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EDITORIAL: Energy Ministry is bifurcated into power and petroleum/gas divisions however pricing decisions of different fuels (inputs) are disturbingly not taken in conjunction as is the case in the rest of the world, which is one of the major reasons for the consistent rise in the intractable circular debt.

And while the price of the output — electricity — is the same throughout the country yet this requires subsidies (because the generation cost is very high due to the flawed policy under which the Independent Power Producers operate that guarantees their profits in US dollars) which the government can ill afford and which international donor agencies insist must be phased out with full cost recovery, the economically feasible option, the only way forward. To achieve this objective successive administrations, including the incumbent one, raise the end user charges, (Business Recorder has reported that the Circular Debt Management Plan required under the ongoing International Monetary Fund programme envisages a further increase of base tariff by over 2 rupee per unit — over and above the quarterly adjustments and the fuel adjustment charges), which is also a politically challenging situation. And notwithstanding government subsidy policy that has spanned over decades the energy sector continues to be heavily taxed as are fuel imports — items considered low hanging fruits from the perspective of revenue collection. Therefore, the need for reforms in this sector has assumed critical levels.

The axiom in a federation like ours is that the more politically challenging the reforms are the greater is the need for rapprochement between the federating units to achieve a consensus with the overarching objective of ushering in reforms that are vital for the economic well-being of specific sectors as well as the national economy. In the gas sector the Energy Minister Hammad Azhar noted on the floor of the House that Sindh understands the importance of the weighted average cost of gas (first proposed by Dr Asim Hussain, the Petroleum Minister during the last Pakistan People’s Party government) but not implemented due to the: (i) constitutional provision, Article 158, that allows the province in which a wellhead of natural gas is situated takes precedence over other parts of Pakistan; Punjab, the most populous province, has a negligible quantity of gas wellheads. And to further complicate matters domestic gas is no longer able to meet domestic demand, with around 9 percent increase in shortfall each year, requiring the much more expensive LNG imports. There is therefore an urgent economic need to revisit pricing of domestic gas and imported LNG; and (ii) with respect to hydel generation the constitution stipulates that “the net profit earned by the federal government, or any undertaking established or administered by the federal government from the bulk generation of power at a hydro-electric station shall be paid to the province in which the hydroelectric station is situated”.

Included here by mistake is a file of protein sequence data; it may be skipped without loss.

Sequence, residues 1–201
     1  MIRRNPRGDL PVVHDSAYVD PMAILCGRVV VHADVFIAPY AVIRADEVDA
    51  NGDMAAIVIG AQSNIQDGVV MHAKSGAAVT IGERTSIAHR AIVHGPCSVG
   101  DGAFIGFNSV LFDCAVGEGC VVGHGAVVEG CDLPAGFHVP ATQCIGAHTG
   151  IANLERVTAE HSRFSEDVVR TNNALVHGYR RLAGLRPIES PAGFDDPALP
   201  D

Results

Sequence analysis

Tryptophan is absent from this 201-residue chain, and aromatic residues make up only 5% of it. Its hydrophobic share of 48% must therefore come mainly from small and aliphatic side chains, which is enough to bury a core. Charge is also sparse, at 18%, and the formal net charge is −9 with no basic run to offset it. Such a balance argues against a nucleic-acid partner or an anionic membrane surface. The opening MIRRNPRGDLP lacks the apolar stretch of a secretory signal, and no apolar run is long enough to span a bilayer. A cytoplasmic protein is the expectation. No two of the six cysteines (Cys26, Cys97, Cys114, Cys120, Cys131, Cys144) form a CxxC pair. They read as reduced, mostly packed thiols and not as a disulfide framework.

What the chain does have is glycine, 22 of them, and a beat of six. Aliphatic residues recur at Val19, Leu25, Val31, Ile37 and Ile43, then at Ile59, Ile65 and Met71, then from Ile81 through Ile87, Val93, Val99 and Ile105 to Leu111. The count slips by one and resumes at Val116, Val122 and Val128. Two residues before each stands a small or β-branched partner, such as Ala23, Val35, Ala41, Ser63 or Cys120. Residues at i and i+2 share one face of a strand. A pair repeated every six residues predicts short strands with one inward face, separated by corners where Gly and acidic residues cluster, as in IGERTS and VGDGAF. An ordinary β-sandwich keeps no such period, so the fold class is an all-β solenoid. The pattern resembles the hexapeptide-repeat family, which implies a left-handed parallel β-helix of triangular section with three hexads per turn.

Thus the federation must use its leverage to reach a consensus with the provinces if it is to succeed in reforming the poorly performing energy sector. The constitution of the country makes available two forums where a consensus can be forged. First, the Council of Common Interest which is tilted in favour of the ruling party in the centre with the only proviso being that it has a majority in at least one province; however, this available forum has been used very sparingly and not very effectively as far as implementation is concerned, not only by previous administrations but also the incumbent administration which has been lax in calling a meeting every three months as required by the constitution. And second, the National Finance Commission award pending since 2015, due every five years, is a forum that can be used as leverage by the federal government and/or its federating units. However, for the effective use of these two forums in letter, and more importantly spirit, necessitates bringing down the political temperature from what has prevailed for the past three to four years.

Notwithstanding repeated claims by senior members of the cabinet, including the Prime Minister, that the economy is no longer in a perilous situation, disturbingly its insistence on the passage of the two bills recently passed in the lower house of parliament, money bill and State Bank of Pakistan amendment bill, with reported resistance from within the cabinet on the money bill and the Prime Minister’s office reportedly expressing concerns on the SBP bill, suggests a tacit acknowledgement that there is no option but to accept these particularly harsh upfront International Monetary Fund (IMF) conditions. It is, therefore, imperative for Imran Khan to think and act as a Prime Minister which requires toning down his rhetoric against leaders of the opposition and seek their cooperation to achieve across the board reforms that would ensure his place in history rather than to think as a politician up for re-election.

Copyright Business Recorder, 2022

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